A group of 80 of Israel’s largest capital owners met in 2011 to discuss the economic implications of the Israeli government actions in the occupied territory. They concluded that if the peace process will not be resumed, Israel will become ostracised and boycotted like South Africa under apartheid. Yet these people, rich as they may be, were not able to sway the positions of the Israeli government. Some of them chose to accept the losses, others chose to move their business outside of Israel, but the majority simply did nothing and hoped that the storm will pass.
All this has changed with the recent attack on Gaza in July-August. The attack brought to light the most violent and nationalistic aspects of Israeli society. Israelis who did not toe the line were called traitors, threatened or lost their jobs. In this environment one could hardly expect company managers to try to rein in the onslaught, but it was exactly at that time that BDS became more significant than ever.
All three major Israeli economic newspapers: TheMarker, Globes and Calkalist have published extensive reports on BDS in light of the war. As activists in Oakland, California managed to block an Israeli cargo ship from docking in August, the story was covered extensively in Israel. Idan Ofer is the largest shareholder in the Zim company that owns the ship, and was the very same businessman who assembled the meeting of Israeli capital owners in 2011. His worry about the growth of BDS turned out to be prophetic.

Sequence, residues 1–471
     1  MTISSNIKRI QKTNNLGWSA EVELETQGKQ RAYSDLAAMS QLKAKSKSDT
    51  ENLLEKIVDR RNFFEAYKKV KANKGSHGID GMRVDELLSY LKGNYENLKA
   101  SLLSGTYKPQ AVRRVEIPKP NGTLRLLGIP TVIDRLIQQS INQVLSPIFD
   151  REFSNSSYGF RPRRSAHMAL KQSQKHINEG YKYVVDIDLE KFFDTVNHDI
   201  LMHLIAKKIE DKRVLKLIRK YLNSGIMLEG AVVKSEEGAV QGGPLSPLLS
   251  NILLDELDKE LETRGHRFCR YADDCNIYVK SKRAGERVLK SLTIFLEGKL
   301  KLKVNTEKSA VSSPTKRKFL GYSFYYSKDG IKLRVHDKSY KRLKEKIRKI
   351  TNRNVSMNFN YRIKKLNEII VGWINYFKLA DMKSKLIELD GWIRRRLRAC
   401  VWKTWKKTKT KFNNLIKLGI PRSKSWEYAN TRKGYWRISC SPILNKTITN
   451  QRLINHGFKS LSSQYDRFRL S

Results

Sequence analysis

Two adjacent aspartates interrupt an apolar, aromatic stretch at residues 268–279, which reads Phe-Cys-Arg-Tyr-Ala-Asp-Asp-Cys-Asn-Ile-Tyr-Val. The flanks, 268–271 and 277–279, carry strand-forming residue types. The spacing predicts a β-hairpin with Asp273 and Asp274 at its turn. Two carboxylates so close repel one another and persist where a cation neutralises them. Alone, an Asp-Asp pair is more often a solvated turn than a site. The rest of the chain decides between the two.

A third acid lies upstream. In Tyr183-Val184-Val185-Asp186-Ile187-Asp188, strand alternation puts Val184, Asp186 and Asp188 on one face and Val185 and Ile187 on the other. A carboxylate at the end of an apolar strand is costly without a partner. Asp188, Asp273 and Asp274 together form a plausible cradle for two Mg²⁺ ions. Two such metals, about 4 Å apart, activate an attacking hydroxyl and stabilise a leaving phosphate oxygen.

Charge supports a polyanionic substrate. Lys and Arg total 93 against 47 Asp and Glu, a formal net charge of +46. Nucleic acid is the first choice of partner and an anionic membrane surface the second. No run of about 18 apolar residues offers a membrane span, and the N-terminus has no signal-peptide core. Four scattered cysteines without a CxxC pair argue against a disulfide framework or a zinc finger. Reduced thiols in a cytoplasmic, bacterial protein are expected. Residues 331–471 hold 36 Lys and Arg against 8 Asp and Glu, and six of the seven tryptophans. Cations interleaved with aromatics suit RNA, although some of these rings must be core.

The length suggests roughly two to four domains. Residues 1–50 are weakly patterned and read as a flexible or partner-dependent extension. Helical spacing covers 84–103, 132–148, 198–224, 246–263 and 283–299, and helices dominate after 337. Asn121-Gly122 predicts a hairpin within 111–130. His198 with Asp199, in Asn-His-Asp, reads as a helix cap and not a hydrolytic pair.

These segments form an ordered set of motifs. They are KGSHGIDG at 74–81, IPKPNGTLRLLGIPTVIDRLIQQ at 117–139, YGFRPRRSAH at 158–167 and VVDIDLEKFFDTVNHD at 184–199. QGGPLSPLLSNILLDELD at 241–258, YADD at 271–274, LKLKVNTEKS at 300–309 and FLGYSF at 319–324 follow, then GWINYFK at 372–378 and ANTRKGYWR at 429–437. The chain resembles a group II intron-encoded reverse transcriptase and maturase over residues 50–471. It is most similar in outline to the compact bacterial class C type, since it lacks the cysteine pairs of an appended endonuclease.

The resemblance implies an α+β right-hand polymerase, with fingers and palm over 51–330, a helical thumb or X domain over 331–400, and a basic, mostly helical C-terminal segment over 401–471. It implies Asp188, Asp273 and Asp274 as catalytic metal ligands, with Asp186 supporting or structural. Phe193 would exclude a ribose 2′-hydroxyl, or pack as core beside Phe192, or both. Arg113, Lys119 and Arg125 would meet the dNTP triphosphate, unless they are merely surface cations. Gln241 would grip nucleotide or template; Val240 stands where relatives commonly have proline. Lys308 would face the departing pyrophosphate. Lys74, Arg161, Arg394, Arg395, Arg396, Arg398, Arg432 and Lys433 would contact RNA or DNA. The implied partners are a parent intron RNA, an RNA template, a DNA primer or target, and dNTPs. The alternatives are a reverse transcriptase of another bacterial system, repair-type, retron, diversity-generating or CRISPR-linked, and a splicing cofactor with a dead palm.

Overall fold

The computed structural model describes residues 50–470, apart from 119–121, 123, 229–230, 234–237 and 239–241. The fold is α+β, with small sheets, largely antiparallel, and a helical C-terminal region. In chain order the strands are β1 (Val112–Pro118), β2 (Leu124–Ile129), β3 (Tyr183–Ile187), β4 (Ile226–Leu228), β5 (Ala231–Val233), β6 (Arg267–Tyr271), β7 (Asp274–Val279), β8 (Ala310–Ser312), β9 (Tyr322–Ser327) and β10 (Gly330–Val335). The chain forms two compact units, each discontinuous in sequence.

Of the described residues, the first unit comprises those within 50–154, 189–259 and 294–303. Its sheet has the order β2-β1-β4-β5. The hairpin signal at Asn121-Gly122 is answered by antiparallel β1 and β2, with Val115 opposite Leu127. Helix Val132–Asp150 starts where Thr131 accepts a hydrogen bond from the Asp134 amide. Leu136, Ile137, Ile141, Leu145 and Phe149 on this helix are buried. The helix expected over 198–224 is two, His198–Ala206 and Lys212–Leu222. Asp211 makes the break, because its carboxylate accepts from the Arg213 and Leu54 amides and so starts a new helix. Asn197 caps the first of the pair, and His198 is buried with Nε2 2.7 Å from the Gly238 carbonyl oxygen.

Of possibly greater impact is the decision of the European Union to ban the import of poultry and egg products from the illegal Israeli colonies. The EU has demanded proper labelling of products from the colonies for years, but the Israeli government allows companies to deceive customers about the source of the products, while compensating colonists who are forced to pay higher customs upon exporting their goods to Europe. Now the EU claims that they cannot recognise the authority of the health inspections in colonies, and therefore has moved from a demand for labelling to a ban on products from the colonies. The EU argues that the veterinary supervision in the colonies is not recognised, and therefore the products cannot be considered to be conforming with European health standards. Israeli farmers warned that this move, which is expected to extend to the dairy, fish and wine sectors, would be devastating for Israeli exports.
Israeli companies can no longer remain silent about how the Israeli government’s policies affects their sales, and the Israeli government cannot afford to ignore BDS either. After a third of young Israelis said in a poll after the recent attack on Gaza, that they would leave Israel if they have the chance, the Israeli government must realise that without respecting international law it cannot continue to enjoy international recognition. Without international recognition it cannot maintain the standard of living Israelis have become accustomed to, and without a decent standard of living, skilled Israelis will simply leave.
-Shir Hever is a graduate student at the Free University of Berlin, and an economist with the Alternative Information Centre.
The views expressed in this article belong to the author and do not necessarily reflect the editorial policy of Middle East Eye.
Photo: A Palestinian holds a placard as part of a protest during which they try to set up a tent on 8 June, 2013 near the Jewish settlement of Bat Ayin and the West Bank village of Surif, west of Hebron (AFP).